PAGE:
How “Scandals” Serve the Permanent Regime
September 22, 2014
Below is a link to an article that could be used to illustrate how what are labeled “scandals” serve to fortify the ruling political class. The article summarizes another article that appeared in the New York Times magazine on Gary Hart, his affair with Donna Rice, and how that affair and its revelation apparently impacted our political order as “a new generation of journalists trained in post-Watergate America, eager for their big breaks and not inclined to view the personal affairs of powerful politicians as irrelevant to their public stature” arose and fostered, among other things, the Clinton impeachment.
Note should be taken of at least two things that result from the interest in such “scandals:” (1) No one any longer remembers what Gary Hart was about politically and (2) the Clinton presidency is reduced to or sucked into his “affair” with Monica Lewinsky as if it were a black hole, leaving his political agenda, which was at least as “conservative” as that of George W. Bush, to languish untouched by analysis or criticism. In other words, a “politics of scandal” does not bother the reigning political class to any great degree, which helps explain why it continues, because it is not a threat to their rule. Sure, a politician here and there is affected, but the ruling class itself is fortified as our attention is directed away from politics to, very often, sex. And, in fact, as both Clinton and the former governor of South Carolina, Mark Sanford, illustrate, these “scandals” don’t seem to have any long term impact even on those who are at the center of them.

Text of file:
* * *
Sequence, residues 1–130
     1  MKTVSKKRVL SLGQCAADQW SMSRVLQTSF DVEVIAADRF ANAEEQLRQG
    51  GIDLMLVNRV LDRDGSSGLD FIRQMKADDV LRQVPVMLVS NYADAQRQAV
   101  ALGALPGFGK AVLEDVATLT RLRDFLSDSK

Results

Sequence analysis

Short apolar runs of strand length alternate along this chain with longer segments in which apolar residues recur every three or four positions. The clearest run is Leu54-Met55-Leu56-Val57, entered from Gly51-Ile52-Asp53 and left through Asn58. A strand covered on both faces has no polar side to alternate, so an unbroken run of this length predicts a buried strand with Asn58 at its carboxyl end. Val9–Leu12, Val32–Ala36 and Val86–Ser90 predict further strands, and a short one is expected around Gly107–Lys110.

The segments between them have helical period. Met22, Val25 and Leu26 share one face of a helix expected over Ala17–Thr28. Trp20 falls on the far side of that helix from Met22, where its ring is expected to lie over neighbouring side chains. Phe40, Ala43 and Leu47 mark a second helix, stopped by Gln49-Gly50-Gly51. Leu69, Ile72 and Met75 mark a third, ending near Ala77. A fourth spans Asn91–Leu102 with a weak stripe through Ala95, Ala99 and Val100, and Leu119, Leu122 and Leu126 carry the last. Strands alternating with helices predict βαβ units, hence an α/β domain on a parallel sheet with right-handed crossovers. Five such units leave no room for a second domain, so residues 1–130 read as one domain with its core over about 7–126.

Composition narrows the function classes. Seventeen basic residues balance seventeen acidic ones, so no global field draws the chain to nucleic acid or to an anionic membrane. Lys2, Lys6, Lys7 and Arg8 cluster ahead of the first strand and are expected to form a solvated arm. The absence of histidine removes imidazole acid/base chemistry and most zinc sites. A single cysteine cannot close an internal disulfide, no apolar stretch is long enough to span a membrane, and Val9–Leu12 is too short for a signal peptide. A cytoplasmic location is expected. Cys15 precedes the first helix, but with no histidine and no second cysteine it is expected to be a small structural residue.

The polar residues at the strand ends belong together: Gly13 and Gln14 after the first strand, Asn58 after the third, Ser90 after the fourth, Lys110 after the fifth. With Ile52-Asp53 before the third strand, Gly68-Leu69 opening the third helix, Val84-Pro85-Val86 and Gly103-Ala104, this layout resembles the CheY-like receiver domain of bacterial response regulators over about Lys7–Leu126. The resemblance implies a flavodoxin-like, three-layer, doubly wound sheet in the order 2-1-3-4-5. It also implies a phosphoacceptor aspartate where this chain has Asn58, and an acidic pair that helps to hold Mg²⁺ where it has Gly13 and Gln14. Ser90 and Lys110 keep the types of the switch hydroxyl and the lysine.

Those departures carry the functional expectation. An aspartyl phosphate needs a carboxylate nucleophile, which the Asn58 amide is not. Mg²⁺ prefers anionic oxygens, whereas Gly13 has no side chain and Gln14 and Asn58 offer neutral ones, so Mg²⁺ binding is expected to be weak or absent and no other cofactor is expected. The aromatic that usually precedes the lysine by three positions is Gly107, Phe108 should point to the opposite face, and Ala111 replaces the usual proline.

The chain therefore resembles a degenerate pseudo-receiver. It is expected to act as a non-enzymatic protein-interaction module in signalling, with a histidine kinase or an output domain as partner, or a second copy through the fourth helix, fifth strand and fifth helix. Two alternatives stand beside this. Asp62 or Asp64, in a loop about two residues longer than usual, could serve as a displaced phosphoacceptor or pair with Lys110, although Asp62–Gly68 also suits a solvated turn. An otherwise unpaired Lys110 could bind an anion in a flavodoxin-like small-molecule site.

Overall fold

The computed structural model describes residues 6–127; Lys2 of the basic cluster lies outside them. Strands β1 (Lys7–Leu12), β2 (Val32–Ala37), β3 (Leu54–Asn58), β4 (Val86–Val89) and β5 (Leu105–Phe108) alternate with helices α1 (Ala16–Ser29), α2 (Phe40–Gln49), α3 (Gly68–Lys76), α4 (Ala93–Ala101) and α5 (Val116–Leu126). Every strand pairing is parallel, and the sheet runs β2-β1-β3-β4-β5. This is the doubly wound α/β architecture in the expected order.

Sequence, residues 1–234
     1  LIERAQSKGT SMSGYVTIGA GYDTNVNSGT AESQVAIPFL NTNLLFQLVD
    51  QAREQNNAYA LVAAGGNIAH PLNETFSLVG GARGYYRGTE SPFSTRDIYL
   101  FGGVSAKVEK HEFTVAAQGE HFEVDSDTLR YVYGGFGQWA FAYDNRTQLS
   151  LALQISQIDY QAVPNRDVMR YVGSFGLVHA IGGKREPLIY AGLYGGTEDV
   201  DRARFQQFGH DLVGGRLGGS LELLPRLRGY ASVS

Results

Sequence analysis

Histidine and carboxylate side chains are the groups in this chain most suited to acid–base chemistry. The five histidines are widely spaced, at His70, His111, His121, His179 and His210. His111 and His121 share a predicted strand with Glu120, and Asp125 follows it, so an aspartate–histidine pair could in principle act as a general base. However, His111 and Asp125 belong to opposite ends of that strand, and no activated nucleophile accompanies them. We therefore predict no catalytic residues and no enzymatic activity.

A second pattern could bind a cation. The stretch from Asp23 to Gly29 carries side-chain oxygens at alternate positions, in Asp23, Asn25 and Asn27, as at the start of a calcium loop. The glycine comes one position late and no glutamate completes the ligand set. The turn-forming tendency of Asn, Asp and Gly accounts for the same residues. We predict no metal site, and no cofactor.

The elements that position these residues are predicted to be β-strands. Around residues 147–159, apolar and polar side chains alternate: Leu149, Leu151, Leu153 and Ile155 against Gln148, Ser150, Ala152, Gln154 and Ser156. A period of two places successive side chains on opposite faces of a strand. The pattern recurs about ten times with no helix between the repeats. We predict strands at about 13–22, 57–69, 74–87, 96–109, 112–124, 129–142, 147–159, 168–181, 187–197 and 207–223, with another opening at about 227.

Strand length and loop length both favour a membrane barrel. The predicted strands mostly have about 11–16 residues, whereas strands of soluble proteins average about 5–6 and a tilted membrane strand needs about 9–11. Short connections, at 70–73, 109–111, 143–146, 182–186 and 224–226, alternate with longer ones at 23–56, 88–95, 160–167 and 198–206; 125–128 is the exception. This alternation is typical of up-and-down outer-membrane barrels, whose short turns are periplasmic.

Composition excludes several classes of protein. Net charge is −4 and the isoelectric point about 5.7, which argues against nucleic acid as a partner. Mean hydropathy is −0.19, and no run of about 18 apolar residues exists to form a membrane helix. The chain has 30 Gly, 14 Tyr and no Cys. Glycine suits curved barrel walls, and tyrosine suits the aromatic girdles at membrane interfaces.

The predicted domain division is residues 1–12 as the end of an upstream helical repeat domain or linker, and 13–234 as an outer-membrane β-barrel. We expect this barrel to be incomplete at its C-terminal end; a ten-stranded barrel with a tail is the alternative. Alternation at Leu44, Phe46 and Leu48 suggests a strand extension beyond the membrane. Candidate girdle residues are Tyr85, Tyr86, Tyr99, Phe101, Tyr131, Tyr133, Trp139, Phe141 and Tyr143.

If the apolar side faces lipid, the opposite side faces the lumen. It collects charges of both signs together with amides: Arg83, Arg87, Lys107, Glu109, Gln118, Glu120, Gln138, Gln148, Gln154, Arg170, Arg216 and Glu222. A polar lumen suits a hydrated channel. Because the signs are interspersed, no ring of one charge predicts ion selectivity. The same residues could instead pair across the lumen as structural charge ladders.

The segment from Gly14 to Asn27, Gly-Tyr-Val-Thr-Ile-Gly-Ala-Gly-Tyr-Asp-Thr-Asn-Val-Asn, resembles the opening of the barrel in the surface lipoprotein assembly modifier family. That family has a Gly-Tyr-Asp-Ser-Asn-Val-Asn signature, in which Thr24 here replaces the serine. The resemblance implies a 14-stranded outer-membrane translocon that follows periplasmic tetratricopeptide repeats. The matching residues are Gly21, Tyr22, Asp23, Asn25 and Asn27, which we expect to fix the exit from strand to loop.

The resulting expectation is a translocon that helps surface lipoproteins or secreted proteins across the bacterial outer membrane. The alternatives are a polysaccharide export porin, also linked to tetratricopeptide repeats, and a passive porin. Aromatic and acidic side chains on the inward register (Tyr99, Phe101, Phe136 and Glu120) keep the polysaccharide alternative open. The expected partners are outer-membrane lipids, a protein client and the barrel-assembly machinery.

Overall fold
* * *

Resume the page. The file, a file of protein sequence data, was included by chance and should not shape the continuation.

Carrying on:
It is an interesting situation.